By Joe King, [email protected]

(The Herald/ Archived Photo)

(The Herald/ Archived Photo)

SOUTH KNOXVILLE- The presence of West Nile Virus was detected in mosquitoes in and around South Knoxville Communities this week.

“We have ten traps set in South Knoxville and South Knox County,” said Knox County Health Department Environmental Health Director Ronnie Nease. “They are tested in a group, so there is no way to tell how many were infected with the virus.”

Since it can take up to two weeks for a human to show signs that they have contracted the West Nile Virus a good indicator is to examine horses and birds in the area for the virus.

Nease said as to date no birds or horses in South Knoxville or South Knox County have be recorded as having the virus, although inspections for the infection are only preformed on a sick horse or a dead bird.

As a preventative measure Biomist 30:30 was sprayed in South Knoxville the night of June 13.

“The spray is very effective,” Nease said. “We will see a significant reduction in the adult mosquitoes in our traps the week after we spray; about 75 to 80 percent. Then there will be a steady increase in mosquito population.”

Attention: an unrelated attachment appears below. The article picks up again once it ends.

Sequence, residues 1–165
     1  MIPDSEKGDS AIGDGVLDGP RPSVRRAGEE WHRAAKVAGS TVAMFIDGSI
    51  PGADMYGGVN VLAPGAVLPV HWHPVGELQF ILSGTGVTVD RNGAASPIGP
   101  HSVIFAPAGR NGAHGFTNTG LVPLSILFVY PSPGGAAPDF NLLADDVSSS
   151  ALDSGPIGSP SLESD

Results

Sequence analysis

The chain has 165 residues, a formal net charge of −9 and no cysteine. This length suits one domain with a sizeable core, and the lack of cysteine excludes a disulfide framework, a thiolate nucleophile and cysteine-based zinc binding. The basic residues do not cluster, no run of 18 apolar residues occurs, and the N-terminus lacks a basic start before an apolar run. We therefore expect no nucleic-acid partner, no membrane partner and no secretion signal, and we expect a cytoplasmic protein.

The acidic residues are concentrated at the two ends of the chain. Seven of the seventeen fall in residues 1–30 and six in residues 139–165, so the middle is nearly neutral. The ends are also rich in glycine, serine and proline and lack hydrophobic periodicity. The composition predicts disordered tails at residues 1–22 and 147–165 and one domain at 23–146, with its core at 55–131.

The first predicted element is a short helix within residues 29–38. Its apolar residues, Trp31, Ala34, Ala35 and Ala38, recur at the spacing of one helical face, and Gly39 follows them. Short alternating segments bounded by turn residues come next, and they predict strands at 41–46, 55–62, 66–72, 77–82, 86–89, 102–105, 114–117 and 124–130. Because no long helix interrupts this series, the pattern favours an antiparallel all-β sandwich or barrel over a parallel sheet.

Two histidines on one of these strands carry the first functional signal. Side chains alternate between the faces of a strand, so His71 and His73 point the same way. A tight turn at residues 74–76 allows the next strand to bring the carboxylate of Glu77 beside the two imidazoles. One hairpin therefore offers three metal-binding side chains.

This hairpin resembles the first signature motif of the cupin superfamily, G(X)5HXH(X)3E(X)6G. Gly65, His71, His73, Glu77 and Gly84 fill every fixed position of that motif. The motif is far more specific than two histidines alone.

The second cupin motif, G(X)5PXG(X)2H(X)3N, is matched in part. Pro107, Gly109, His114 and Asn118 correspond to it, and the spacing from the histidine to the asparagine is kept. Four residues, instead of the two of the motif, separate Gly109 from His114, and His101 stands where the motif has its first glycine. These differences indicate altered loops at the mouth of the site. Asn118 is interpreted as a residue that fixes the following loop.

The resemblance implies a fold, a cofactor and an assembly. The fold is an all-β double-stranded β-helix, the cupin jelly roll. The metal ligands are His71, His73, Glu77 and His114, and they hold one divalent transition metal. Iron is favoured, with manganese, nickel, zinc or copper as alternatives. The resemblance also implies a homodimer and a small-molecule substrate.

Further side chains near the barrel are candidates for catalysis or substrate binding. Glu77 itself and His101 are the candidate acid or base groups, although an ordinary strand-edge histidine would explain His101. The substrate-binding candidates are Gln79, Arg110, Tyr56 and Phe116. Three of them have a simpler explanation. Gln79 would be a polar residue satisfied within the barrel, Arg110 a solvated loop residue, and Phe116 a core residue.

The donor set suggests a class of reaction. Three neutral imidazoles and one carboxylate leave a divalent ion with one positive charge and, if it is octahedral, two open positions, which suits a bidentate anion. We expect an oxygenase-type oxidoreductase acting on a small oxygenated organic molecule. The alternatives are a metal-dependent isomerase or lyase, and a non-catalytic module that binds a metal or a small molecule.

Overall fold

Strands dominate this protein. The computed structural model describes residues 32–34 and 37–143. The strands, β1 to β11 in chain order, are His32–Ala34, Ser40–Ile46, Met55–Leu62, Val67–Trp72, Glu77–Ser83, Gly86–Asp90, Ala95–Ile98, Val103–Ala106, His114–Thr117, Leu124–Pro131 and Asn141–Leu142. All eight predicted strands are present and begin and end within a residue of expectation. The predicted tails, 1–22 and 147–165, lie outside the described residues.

After about two weeks of the increase, the mosquito population will return to the same level as before the spraying. To combat this, KCHD will do a follow-up spray two weeks after the initial one.

During the spraying residents are advised to stay indoors and remain inside until about 15 minutes after the spraying truck as pass.

Areas sprayed included Arthur Harmon Rd., Crossfield Dr., Konda Dr., Karla Dr., Kimberlin Heights Rd. and Twin Leaf Ln.

Biomist 30:30 carries for about 200 ft. radius from where it is sprayed. Although there are not any specific effects the spray could have on humans, it is highly advised to avoid contact. In fact, the spraying machine will even be turned off if a person or vehicle is seen during the time of distribution.

Nease said the most heavily populated areas of South Knoxville for mosquitoes are near Stone Rd. and Colonial Village.

Symptoms of the West Nile Virus include fever, headache, body aches, fatigue, back pain, skin rash, as well as occasional swollen lymph glands and eye pain.

In 2012, WNV killed 286 people in the United States, with the state of Texas being hard hit by this virus, making the year the deadliest on record for the United States.

“We’ve had them since 2000,” he said. “They’re everywhere.”

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